Human Rights and
International Democratic Solidarity


Defense and promotion of democratic institutions in Argentina


Participation in the Civil Society Consultation organized by the EU

For the European Union, civil society is a key player, especially when it comes to issues that directly affect their existence, well-being, and development, which is the case with human rights. Therefore, the EU always organizes a meeting with civil society representatives prior to the official reunion with government representatives. Especially civil society organizations dedicated to the defense of human rights, which (due to Argentina’s strong commitment to human rights) are many, join these meetings. The main objective of this reunion is to listen to civil society and to take note of their concerns, criticisms, demands, and proposals in the field of human rights, in order to resort to their perspective later on, during the subsequent dialogue with the authorities.

Unión Europea

CADAL participated in a meeting convened by the Delegation of the European Union in Argentina alongside organizations like Amnesty International, Asamblea Permanente por los Derechos Humanos (APDH, Permanent Assembly for Human Rights), Centro de Estudios Legales y Sociales (CELS, Centre for Legal and Social Studies), Fundación Huésped (Guest Foundation) and Instituto de Estudios Comparados en Ciencias Penales y Sociales (INECIP, Institute for Comparative Research in Criminology and Social Sciences). The topics covered during the meeting were: 1) Gender, women's rights; 2) Impact of Covid-19; 3) Migrants and refugees; 4) Discrimination (LGBTI, children, disability); 5) Indigenous peoples; 6) Companies and human rights; and 7) Institutional violence. Brian Schapira, Director of Institutional Relations, and Cecilia Noce, Associated Researcher, represented CADAL in the online event.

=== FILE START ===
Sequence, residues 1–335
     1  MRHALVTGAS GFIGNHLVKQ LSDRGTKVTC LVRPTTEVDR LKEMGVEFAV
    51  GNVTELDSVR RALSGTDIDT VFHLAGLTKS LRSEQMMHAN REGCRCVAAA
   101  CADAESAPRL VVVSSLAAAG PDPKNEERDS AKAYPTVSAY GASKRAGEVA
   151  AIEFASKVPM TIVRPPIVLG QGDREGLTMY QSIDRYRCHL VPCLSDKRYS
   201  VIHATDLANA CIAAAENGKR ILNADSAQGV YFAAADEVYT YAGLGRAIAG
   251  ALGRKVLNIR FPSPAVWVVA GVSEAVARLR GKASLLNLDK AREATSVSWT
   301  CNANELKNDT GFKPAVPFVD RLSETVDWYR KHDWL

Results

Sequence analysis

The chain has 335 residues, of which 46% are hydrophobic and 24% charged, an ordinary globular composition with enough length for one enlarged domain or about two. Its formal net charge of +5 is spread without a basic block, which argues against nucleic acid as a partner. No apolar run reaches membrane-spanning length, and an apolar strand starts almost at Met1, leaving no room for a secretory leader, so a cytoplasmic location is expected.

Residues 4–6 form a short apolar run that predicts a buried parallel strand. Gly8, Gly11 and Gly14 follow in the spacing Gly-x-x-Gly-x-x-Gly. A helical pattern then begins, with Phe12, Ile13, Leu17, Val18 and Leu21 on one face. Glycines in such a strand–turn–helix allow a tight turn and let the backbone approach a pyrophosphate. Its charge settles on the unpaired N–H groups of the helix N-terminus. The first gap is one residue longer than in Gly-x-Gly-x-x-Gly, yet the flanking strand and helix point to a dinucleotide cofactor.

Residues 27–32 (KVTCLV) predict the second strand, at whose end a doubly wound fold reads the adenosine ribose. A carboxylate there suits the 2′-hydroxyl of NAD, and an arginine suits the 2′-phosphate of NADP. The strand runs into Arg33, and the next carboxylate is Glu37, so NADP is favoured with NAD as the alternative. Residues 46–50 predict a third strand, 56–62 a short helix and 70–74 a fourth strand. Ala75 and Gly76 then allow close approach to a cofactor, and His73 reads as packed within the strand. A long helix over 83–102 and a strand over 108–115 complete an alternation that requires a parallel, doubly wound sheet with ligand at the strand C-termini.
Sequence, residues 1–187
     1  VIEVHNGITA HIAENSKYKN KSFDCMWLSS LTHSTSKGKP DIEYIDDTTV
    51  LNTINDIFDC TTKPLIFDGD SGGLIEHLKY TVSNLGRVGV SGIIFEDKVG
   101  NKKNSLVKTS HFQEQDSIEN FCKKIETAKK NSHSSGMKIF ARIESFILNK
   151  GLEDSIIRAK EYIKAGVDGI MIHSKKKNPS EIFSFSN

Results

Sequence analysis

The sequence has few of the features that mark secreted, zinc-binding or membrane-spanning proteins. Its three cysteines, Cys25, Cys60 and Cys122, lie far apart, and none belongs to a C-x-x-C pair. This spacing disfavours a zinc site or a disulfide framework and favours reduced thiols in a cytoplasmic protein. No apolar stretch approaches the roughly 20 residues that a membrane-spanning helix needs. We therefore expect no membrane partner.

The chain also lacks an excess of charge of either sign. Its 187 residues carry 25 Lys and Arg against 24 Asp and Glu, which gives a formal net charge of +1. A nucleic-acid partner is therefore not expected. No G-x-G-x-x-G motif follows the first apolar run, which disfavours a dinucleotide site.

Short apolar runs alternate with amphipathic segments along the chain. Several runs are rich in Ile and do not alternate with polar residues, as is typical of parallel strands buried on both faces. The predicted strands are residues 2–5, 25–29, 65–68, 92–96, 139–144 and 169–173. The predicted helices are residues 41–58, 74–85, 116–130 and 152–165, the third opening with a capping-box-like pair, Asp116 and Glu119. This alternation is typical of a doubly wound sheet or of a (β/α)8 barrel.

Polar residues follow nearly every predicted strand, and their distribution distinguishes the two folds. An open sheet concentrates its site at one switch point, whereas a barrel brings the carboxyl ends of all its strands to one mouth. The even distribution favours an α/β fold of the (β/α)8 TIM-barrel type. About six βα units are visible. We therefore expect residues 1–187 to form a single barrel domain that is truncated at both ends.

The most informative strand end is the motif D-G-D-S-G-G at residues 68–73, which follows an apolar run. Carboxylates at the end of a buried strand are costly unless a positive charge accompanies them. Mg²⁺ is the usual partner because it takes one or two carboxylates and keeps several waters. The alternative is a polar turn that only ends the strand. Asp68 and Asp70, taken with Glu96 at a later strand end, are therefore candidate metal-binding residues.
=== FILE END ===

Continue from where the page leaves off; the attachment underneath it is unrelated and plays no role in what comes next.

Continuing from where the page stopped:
In the course of the meeting, the civil society organizations were given the floor in alphabetical order to give 10-minute presentations. Afterwards, there were 40 minutes to pose questions and make comments between the participating organizations, the delegates of the EU, and the embassies of the EU Member States.

Among the main concerns raised by CADAL were: 1) The significant decline and deterioration of the institutional quality in Argentina due to the limited functioning of the National Congress and the attempt to curtail the independence of the Judiciary; 2) Threats to the freedom of expression and attacks on the press; 3) Institutional violence including forced disappearances and restrictions on the freedom of movement; 4) The erratic foreign policy in terms of a commitment to human rights; and 5) Restrictions on the freedom of artistic expression.

Regarding institutional violence, one of the seven topics covered, CADAL highlighted two forced disappearances, one in Buenos Aires Province (the Astudillo Castro case) and the other in Tucumán Province (the Espinoza case). In both cases, the bodies have already been found. As CADAL indicated, there are many Argentinian provinces where a pattern of excessive institutional violence can be observed, particularly Santiago del Estero Province and San Luis Province. Another highlighted issue concerned the closed internal borders of several provinces and towns across the country. To give an example of the latter, CADAL drew special attention to the case of dozens of people stranded in the middle of winter on the road close to the border of the provinces Chaco and Formosa as they were prevented from returning to their home province (Formosa).

In the context of CADAL’s cooperation with the Danish NGO Freemuse, CADAL also pointed out the criminalization of artistic expression, such as the administrative control of cultural institutions; the attempt of the National Institute of Film and Audiovisual Arts (INCAA) to prevent the participation of independent filmmakers in the Mar del Plata Film Festival through a restrictive clause that demanded some previous financing by INCAA; and the censorship caused by restrictions on the import of books.

Human Rights are one of the permanent topics on the European Union's foreign policy agenda, which is raised in both bilateral and multilateral relations. Regarding bilateral relations, the EU conducts an annual bilateral dialogue with the government authorities dealing with human rights issues. In the case of Argentina, they met with the Ministry of Foreign Affairs’ Human Rights Directorate, the Human Rights Secretariat (Ministry of Justice), and other bodies. The dialogue takes place between the Head of the EU Delegation, representatives of the Embassies of the EU Member States participating in the meeting, and the corresponding authorities of the Foreign Ministry as well as representatives of other government bodies that take on human rights issues.


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